Say hello to Dentsumcgarrybowen and Martin Sorrell is on the lookout: Thursday Wake-Up Call
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The latest run-on agency name is here with the creation of Dentsumcgarrybowen, formed from Dentsu brand agencies and Mcgarrybowen. “The network is comprised of creative, content, design and experience shops outside Japan and also includes Isobar, John Brown and Dentsu PR firms such as Mitchell, which will retain their own individual brands,” writes Ad Age’s Lindsay Rittenhouse.
The consolidation has apparently been in the works since January, so the move isn’t due to the pandemic, but “it does have its advantages in this environment as it will come with cost savings, especially for Mcgarrybowen which has been ‘struggling’ from the health crisis,” a person familiar with the consolidation told Rittenhouse.
Merlee Jayme and Jon Dupuis will serve as co-presidents of Dentsumcgarrybowen and Gordon Bowen will become global chairman. Jennifer Hohman, global chief marketing officer at FCB, joins as global chief growth officer.
Conde Nast is laying off nearly 100 employees in advertising, editorial, and corporate and furloughing about the same number of workers. Other employees will have fewer hours, according to a memo from CEO Roger Lynch. It’s no surprise given the state of ad revenue in media these days. Lynch told The New York Times last month that the company was having editors draw up lists of employees to potentially cut.
Buzzfeed News is also beginning furloughs, with three editors and an office manager in the U.S. and approximately 15 local news reporters in the U.K. and Australia. The company is also negotiating with its editorial union about possible layoffs. These are the first staff reductions to hit the outlet’s newsroom since the start of the pandemic. Buzzfeed has already furloughed several dozen non-newsroom staffers.
But some people, including S4 Capital CEO Martin Sorrell, see opportunity in the economic crisis, according to memos obtained by Business Insider. The former WPP CEO is watching “distressed” agencies and companies with an eye toward picking off clients or talent that leave in a time of crisis—or maybe even buying them up. S4 is also looking at agencies and production companies including B-Reel, R/GA, M&C Saatchi and Deutsch that have undergone recent layoffs and staff reductions.
Sorrell’s outlook for his own company is pretty rosy. Some clients might try to delay payments, but he notes that the tech companies that fuel half of S4’s revenue have been weathering the pandemic well. S4 has also applied for government subsidies, though it hasn’t yet received any funds. Many agencies, most much smaller than S4, have had trouble accessing small business loans and payment protections.
Thanks to up-front, pre-pandemic contracts with advertisers, Quibi has been able to hold onto its ad revenue during the downturn. “Few Quibi advertisers have appealed for relief from their contracts, according to several brands, even as some have looked to downsize marketing in other areas,” writes Ad Age’s Garett Sloane.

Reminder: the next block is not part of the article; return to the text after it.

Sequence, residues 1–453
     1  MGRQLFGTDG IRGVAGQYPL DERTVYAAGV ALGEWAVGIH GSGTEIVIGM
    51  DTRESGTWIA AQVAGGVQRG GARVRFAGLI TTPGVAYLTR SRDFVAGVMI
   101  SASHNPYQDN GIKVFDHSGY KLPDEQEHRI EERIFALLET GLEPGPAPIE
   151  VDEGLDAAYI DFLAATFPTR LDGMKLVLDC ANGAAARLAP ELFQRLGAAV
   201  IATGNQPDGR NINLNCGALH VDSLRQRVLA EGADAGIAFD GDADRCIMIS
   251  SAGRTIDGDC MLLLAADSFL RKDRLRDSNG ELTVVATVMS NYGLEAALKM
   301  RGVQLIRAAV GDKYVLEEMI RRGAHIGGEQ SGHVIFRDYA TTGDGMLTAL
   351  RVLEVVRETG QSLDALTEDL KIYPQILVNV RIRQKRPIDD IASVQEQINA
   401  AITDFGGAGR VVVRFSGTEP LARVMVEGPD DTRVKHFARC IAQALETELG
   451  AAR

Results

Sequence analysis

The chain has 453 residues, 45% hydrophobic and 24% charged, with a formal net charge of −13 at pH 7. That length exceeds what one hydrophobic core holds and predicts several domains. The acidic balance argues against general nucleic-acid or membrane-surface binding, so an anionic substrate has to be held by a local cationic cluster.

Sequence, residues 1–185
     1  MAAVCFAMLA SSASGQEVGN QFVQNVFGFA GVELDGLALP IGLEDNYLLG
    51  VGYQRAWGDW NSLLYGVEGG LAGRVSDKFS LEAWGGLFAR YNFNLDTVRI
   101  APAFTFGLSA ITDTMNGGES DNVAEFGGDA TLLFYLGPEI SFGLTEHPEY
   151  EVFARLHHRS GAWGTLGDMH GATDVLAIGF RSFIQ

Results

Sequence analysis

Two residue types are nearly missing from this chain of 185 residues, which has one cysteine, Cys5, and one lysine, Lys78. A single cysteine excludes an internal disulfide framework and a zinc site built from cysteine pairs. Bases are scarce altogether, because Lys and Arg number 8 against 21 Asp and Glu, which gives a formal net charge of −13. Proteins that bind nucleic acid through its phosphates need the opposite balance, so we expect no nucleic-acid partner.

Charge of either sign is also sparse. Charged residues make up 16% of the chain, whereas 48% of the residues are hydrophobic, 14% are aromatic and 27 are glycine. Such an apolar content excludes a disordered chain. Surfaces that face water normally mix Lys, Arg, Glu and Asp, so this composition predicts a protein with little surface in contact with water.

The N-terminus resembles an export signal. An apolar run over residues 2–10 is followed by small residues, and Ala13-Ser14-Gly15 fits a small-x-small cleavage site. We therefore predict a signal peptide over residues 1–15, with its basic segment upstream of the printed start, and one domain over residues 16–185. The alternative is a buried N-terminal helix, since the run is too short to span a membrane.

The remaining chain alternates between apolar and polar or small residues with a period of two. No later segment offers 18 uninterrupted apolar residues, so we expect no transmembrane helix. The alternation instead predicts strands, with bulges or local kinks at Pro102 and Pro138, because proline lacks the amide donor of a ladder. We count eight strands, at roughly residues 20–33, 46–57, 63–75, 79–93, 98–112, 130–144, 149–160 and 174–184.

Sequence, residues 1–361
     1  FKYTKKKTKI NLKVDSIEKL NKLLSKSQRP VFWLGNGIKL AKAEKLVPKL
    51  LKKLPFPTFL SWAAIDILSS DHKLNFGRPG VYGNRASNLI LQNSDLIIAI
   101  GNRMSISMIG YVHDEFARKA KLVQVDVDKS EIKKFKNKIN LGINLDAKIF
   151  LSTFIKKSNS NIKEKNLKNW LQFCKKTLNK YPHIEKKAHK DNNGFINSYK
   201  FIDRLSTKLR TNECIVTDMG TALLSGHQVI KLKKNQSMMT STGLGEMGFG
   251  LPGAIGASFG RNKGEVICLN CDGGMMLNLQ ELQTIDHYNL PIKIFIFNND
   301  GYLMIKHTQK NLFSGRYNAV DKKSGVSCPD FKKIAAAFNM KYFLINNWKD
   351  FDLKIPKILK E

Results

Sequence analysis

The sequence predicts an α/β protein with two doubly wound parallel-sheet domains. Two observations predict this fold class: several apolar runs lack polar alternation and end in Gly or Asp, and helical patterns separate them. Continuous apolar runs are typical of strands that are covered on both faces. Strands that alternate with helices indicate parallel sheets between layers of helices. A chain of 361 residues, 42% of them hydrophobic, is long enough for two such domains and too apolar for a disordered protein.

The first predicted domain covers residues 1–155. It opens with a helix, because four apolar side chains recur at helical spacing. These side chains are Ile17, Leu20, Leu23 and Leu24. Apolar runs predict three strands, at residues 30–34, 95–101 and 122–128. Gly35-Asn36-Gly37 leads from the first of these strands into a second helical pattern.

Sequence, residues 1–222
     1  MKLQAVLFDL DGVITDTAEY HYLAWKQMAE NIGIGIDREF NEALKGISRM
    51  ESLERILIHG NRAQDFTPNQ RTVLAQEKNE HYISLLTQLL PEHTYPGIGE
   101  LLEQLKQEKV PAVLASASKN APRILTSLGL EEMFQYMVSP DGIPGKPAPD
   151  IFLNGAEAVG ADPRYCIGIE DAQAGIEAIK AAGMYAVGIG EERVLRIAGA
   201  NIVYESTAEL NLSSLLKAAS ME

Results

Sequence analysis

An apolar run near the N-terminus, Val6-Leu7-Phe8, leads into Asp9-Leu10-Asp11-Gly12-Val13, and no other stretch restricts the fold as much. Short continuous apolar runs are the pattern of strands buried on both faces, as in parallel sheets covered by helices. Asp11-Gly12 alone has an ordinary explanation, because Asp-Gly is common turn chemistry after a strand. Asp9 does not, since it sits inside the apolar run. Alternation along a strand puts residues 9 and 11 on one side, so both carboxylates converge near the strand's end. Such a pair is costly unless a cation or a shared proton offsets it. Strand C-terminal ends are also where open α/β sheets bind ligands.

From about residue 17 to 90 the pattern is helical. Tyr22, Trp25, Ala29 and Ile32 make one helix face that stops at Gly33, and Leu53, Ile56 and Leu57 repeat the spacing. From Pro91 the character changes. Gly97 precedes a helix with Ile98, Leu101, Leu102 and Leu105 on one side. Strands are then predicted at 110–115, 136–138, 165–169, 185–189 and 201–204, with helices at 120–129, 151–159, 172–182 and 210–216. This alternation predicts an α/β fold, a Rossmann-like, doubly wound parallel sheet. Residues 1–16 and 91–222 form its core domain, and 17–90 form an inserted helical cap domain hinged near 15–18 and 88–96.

Of the 10 advertisers that committed a total of $150 million in the snackable video platform’s first year, only one has been able to change the parameters of the deal. “The advertiser initially wanted to pull out of its deal entirely but could not,” Sloane writes. But Quibi is open to some flexibility. Advertisers will be able to swap one brand for another, assuming they have a brand in their portfolio to take the place of one that’s already been committed.
Ordering in but can’t decide between GrubHub and Uber Eats? That might not be a problem for much longer. Uber is considering buying out the food delivery platform, whose valuation climbed to $5.7 billion Wednesday following news of the offer. The two companies would be able to leverage each other’s strengths—Uber’s routing efficiency and GrubHub’s relationships with restaurants—to create what would likely be the largest player in the now-essential food delivery space.
But regulators will need to approve the deal, and Sen. Amy Klobuchar has already expressed concerns about the effect on consumers who depend on the platforms.
Smell you later: Scented candles usually mimic the smells of far-off places. But “Scents of Normality,” a campaign from London-based agency Uncommon, channels the familiar odors of life before lockdown. “The Cinema scent is described as ‘a heady fusion of popcorn, foam banana and the allium tang of adolescent boredom,” writes Ad Age’s Alexandra Jardine. “The Local ‘embraces notes of spilt beer, urinal block and cheap rosé freckled with cigarette ash.’ The candles can be bought from Earl of East and include a donation to charity.
Front page news: Cannes might be canceled, but Ad Age’s Young Creative cover contest is still on. Creatives under 30 can submit art for a chance to be featured on the cover of our June 15 issue. The deadline is May 28, so get to work. Check out the brief here.
Mask mouth: Ever get that not-so-fresh feeling, you know, behind your mask? Most of us are stuck re-breathing our own mouth stink these days, but Ice Breakers mints wants to make staying safe a more pleasant experience. “The 15-second spot begins with a thank-you message to those wearing masks ‘for grandparents, neighbors and cashiers,’ before asking ‘how about a mint before you mask?’” writes Ad Age’s Jessica Wohl. Mint and gum sales have plummeted in the era of WFH sweatpants. “Hershey already said it was spending $1 million to set up a line to make disposable masks,” Wohl writes. “Now, when it ships those masks, it will include some Ice Breakers as well.”
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